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Custom reports

Customize how to report failures.

Default Report

When failing assert automatically format the errors for you, with something like:

**FAIL**  sort.test.mjs > should sort numeric elements from the smallest to the largest one
Error: Property failed after 1 tests
{ seed: -1819918769, path: "0:...:3", endOnFailure: true }
Counterexample: [[2,1000000000]]
Shrunk 66 time(s)
Got error: AssertionError: expected 1000000000 to be less than or equal to 2

While easily redeable, you may want to format it differently. Explaining how you can do that is the aim of this page.

How to read such reports?

If you want to know more concerning how to read such reports, you may refer to the Read Test Reports section of our Quick Start tutorial.


The simplest and built-in way to change how to format the errors in a different way is verbosity. Verbosity can be either 0, 1 or 2 and is defaulted to 1. It can be changed at assert's level, by passing the option verbose: <your-value> to it.

You may refer to Read Test Reports for more details on it.

New Reporter

In some cases you might be interested into fully customizing, extending or even changing what should be a failure or how it should be formated. You can define your own reporting strategy by passing a custom reporter to assert as follow:

// You can either use it with ``
// or `fc.asyncProperty`,
reporter(out) {
// Let's say we want to re-create the default reporter of `assert`
if (out.failed) {
// `defaultReportMessage` is an utility that make you able to have the exact
// same report as the one that would have been generated by `assert`
throw new Error(fc.defaultReportMessage(out));

In case your reporter is relying on asynchronous code, you can specify it by setting asyncReporter instead of reporter. Contrary to reporter that will be used for both synchronous and asynchronous properties, asyncReporter is forbidden for synchronous properties and makes them throw.

Before reporter and asyncReporter

In the past, writing your own reporter would have been done as follow:

const throwIfFailed = (out) => {
if (out.failed) {
throw new Error(fc.defaultReportMessage(out));
const myCustomAssert = (property, parameters) => {
const out = fc.check(property, parameters);

if (property.isAsync()) {
return out.then((runDetails) => {

CodeSandbox Reporter

In some situations, it can be useful to directly publish a minimal reproduction of an issue in order to be able to play with it. Custom reporters can be used to provide such capabilities.

For instance, you can automatically generate CodeSandbox environments in case of failed property with the snippet below:

import { getParameters } from 'codesandbox/lib/api/define';

const buildCodeSandboxReporter = (createFiles) => {
return function reporter(runDetails) {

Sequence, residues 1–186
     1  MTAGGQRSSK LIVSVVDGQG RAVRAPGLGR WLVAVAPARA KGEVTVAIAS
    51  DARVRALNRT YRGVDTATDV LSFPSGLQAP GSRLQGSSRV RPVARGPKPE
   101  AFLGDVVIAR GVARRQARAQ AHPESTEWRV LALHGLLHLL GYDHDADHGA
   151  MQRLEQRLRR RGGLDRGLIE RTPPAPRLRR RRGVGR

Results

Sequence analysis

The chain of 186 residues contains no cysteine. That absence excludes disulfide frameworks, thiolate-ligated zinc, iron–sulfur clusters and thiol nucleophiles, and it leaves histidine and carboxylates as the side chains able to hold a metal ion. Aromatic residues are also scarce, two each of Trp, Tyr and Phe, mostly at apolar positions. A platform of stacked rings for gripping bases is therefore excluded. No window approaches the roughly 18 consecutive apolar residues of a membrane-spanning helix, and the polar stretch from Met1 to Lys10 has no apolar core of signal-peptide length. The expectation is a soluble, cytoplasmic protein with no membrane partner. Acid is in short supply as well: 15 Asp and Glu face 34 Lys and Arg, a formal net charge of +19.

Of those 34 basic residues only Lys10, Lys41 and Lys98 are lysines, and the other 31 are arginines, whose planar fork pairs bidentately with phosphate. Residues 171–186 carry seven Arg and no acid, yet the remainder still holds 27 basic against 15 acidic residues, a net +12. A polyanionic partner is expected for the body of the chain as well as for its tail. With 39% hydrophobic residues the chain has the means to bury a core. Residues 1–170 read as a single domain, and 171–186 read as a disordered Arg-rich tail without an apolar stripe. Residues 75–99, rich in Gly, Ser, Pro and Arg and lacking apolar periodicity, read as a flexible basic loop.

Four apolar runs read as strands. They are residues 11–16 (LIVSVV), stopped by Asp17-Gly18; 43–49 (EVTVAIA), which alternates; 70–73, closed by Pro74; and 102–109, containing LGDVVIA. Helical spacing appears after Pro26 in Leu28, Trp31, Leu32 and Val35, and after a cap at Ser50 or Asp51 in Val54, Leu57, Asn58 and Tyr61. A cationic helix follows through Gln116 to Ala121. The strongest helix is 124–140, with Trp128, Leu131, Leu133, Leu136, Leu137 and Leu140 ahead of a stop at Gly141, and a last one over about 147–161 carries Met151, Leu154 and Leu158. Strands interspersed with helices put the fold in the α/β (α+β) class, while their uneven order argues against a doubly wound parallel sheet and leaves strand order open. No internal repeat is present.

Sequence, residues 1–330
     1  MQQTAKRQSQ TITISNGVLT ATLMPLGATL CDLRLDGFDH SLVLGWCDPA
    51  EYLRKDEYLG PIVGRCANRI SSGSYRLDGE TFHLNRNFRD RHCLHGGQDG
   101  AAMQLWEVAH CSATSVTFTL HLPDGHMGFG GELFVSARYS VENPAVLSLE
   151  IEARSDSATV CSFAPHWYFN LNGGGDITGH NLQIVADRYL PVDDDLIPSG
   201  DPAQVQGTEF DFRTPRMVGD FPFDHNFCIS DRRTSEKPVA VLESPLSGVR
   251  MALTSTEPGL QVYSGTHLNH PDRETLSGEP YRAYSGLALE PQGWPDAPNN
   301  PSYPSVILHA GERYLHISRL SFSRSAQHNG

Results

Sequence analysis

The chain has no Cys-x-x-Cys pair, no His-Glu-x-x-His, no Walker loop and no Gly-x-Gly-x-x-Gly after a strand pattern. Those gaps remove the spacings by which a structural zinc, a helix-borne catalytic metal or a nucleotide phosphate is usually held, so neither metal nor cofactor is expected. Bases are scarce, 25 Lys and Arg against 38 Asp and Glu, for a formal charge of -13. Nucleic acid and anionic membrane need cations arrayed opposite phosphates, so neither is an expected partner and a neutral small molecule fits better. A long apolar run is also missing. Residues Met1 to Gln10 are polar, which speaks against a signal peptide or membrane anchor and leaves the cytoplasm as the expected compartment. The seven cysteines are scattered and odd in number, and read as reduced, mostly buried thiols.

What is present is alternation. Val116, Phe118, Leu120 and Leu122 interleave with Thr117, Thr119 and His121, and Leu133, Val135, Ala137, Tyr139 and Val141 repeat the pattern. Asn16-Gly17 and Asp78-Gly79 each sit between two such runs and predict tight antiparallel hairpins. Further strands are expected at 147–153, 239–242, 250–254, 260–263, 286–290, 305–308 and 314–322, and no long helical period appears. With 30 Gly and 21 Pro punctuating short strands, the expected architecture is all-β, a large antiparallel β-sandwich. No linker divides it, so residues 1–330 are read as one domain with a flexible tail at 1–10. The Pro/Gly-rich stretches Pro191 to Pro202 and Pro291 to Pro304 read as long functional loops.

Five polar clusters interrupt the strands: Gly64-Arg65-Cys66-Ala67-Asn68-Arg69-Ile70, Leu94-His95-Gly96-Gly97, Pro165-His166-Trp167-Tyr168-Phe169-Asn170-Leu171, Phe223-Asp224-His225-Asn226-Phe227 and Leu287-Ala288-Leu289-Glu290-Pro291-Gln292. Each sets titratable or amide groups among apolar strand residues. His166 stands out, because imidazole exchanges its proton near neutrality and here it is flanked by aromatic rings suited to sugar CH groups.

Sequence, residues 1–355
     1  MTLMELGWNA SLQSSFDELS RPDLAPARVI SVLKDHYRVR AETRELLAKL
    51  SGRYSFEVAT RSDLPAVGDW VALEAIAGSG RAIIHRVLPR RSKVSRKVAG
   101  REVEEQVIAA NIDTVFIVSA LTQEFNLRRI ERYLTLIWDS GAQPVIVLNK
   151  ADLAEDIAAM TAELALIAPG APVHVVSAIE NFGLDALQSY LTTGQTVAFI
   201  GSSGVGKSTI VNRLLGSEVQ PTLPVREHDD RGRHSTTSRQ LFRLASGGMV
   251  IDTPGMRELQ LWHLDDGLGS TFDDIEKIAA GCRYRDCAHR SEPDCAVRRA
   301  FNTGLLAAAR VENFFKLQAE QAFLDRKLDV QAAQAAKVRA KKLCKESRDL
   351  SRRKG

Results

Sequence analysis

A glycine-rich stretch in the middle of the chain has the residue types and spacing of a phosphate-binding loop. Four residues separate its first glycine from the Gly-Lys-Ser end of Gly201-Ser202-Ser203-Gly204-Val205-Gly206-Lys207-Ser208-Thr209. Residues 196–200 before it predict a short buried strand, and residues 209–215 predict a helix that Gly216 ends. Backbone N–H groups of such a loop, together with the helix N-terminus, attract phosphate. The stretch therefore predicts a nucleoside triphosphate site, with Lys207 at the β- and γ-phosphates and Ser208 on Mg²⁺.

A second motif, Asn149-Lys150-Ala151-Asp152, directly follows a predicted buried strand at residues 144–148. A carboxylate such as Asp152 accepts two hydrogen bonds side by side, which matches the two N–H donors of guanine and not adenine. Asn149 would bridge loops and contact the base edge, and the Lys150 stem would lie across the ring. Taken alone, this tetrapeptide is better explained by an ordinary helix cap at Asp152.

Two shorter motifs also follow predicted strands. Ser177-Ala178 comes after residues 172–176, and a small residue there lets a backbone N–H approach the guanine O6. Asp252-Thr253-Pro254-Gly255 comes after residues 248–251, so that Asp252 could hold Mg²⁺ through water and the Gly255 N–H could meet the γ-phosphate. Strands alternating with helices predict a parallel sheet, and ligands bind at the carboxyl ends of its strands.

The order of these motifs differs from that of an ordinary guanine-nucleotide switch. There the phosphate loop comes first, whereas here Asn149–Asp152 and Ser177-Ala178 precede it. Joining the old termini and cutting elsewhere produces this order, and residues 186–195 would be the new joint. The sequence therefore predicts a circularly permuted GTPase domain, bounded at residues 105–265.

if (!runDetails.failed) {
const counterexample = runDetails.counterexample;
const originalErrorMessage = fc.defaultReportMessage(runDetails);
if (counterexample === undefined) {
throw new Error(originalErrorMessage);
const files = {
'counterexample.js': {
content: `export const counterexample = ${fc.stringify(counterexample)}`
'report.txt': {
content: originalErrorMessage
const url = `${getParameters({ files })}`;
throw new Error(`${originalErrorMessage}\n\nPlay with the failure here: ${url}`);

reporter: buildCodeSandboxReporter(counterexample => ({
'index.js': {
content: 'console.log("Code to reproduce the issue")'
CodeSandbox documentation

The official documentation explaining how to build CodeSandbox environments from an url is available here:

Customize toString

By default, fast-check serializes generated values using its internal stringify helper. Sometimes you may want a better stringified representation of your instances. In such cases, you have several solutions:

  1. If your instance defines a toString method, it will used to properly report it, unless you've defined one of the following methods, which take precedence.
  2. If defining toString method is to intrusive, you can use toStringMethod and asyncToStringMethod.

In most cases, toStringMethod is sufficient. This is the serializer method that fast-check uses to serialize your instance in any context: synchronous or asynchronous.

Object.defineProperties(myInstanceWithoutCustomToString, {
[fc.toStringMethod]: { value: () => 'my-value' },
// here your instance defines a custom serializer
// that will be used by fast-check whenever needed

However, if you're working with asynchronous values, you may need an async method to retrieve the value. For example:

Object.defineProperties(myPromisePossiblyResolved, {
[fc.asyncToStringMethod]: {
value: async () => {
const resolved = await myPromisePossiblyResolved;
return `My value: ${resolved}`;
Limitations of async variant

Note that:

  • asyncToStringMethod is only used for asynchronous properties.
  • Although asyncToStringMethod is marked as asynchronous, it should resolve almost instantly.
Test your custom toString

One way to ensure that your instances will be properly stringified is to call the stringify function provided by fast-check. This will give you a preview of how your instances will be represented in the output.